I get a lot of questions from people asking about “renting to own” a property, and I wanted to clear up some common misconceptions about rent to own situations.
Aspiring homeowners with lousy credit, no nest egg savings for down payments, or just plain low incomes may have a tough time purchasing a home—particularly as buyers with deeper pockets compete for the limited number of properties for sale.
That’s why it may be so easy for them to be lured in by the promise of rent-to-own properties—a fast-growing but slightly sketchy segment of the consumer housing industry. In these sorts of programs, tenants who can’t qualify for a mortgage will make monthly payments on a home they’re renting with the promise of owning it after a set number of years—usually between five and 20 years of payments. The payments are often higher than local rents, because tenants are essentially buying the property from their landlord over time. In many cases, they’re also responsible for making repairs on the homes.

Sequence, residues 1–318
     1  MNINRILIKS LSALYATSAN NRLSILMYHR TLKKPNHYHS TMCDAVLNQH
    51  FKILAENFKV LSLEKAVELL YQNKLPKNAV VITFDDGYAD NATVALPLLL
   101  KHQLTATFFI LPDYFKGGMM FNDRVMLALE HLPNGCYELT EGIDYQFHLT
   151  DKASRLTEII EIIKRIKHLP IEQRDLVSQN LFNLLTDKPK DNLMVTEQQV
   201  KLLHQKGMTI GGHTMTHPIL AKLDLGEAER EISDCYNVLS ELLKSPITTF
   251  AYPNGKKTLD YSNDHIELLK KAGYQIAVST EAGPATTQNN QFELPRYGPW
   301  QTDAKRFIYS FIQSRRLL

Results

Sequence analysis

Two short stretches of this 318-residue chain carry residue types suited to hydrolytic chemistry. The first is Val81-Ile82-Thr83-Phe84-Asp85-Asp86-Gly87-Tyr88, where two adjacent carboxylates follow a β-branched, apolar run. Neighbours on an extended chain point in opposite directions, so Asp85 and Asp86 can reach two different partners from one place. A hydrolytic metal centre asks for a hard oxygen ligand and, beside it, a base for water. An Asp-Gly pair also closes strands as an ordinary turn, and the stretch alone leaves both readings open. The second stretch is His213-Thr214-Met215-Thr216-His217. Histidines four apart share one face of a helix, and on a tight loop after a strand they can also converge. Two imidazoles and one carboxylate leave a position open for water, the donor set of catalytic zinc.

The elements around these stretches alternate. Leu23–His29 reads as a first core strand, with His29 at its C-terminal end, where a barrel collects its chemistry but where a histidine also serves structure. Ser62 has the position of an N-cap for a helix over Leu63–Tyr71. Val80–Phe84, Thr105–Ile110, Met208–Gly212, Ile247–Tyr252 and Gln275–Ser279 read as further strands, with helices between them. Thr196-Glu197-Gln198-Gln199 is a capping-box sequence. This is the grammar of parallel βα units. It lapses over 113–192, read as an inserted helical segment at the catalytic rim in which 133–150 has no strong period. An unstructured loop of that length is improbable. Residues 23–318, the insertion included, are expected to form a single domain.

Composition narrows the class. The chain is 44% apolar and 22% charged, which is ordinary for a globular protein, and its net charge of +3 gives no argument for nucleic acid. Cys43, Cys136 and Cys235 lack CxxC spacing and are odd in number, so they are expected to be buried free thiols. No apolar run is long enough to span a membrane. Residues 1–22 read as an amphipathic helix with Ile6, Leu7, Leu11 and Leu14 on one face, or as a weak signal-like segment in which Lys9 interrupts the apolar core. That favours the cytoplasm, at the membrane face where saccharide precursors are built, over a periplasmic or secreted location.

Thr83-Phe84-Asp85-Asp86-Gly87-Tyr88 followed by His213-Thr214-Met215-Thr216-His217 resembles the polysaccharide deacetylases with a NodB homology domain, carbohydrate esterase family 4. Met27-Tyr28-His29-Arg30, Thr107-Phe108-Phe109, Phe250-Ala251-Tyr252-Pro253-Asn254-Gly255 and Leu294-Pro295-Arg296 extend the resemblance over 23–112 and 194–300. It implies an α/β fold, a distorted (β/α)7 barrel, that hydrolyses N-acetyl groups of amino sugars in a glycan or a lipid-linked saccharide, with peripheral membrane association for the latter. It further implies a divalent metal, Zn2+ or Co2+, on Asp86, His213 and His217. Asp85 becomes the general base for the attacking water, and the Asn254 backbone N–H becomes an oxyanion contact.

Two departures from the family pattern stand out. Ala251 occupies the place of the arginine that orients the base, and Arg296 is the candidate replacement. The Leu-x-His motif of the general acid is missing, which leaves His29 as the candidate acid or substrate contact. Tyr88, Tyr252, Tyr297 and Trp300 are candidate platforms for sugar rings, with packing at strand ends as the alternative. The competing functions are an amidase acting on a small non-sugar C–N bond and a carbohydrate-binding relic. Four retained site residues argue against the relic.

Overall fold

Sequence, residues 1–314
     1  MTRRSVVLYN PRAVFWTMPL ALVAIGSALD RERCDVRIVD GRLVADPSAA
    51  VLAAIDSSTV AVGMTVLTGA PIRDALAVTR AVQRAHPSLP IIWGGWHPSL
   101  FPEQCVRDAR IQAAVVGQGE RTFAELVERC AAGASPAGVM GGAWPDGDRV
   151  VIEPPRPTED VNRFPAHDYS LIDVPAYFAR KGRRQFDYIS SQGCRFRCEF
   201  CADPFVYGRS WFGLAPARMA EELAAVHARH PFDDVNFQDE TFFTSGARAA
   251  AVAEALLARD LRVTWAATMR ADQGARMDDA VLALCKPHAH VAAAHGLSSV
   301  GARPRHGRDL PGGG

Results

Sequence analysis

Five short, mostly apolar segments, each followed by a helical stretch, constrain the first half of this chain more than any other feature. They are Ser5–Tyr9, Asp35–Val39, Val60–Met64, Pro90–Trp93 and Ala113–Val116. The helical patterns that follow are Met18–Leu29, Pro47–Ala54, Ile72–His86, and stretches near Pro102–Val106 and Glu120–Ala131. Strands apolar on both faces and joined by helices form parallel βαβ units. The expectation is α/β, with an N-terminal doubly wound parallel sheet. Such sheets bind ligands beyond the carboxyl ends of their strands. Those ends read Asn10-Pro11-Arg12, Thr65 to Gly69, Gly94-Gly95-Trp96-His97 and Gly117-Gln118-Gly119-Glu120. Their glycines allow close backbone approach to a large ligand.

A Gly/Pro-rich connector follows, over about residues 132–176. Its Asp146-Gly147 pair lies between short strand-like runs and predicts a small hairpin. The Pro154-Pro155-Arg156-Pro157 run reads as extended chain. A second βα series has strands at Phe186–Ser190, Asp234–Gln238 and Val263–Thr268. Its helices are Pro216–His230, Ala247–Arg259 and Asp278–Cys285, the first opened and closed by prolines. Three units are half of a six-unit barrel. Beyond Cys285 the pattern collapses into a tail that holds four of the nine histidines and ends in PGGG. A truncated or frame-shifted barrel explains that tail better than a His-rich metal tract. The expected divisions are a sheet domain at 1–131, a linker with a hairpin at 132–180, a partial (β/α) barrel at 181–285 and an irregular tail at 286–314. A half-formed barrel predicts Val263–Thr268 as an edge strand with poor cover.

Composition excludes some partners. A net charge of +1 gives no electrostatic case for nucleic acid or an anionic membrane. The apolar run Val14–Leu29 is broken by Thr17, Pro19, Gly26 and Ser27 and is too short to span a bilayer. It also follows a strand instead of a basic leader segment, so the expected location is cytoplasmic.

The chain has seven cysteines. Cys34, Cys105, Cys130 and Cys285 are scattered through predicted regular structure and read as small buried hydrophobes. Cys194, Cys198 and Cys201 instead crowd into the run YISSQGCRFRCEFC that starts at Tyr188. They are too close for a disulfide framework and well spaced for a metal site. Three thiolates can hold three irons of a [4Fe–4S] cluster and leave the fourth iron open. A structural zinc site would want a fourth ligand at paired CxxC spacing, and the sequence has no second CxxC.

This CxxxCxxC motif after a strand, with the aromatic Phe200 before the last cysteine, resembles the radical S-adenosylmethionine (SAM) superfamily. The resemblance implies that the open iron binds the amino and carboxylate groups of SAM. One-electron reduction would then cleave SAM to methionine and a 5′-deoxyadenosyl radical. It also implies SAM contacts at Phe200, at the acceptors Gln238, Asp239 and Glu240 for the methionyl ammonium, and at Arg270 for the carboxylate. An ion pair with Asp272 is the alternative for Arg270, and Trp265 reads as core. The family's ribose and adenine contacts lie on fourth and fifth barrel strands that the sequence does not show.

The problem is that if a deal sounds too good to be true, well, we all know by now that it probably is.
Here’s the rub: Many renters in these arrangements never become homeowners—despite years of shelling out for repairs and extra-high rents, according to a New York Times investigation into Vision Property Management. The Columbia, SC–based firm is one of the largest firms in the field.
The deals often don’t come with consumer protections and may not even be enforceable in certain states. And it’s often the cheapest homes, those designed to appeal to the worst-off buyers, that come with the most pitfalls.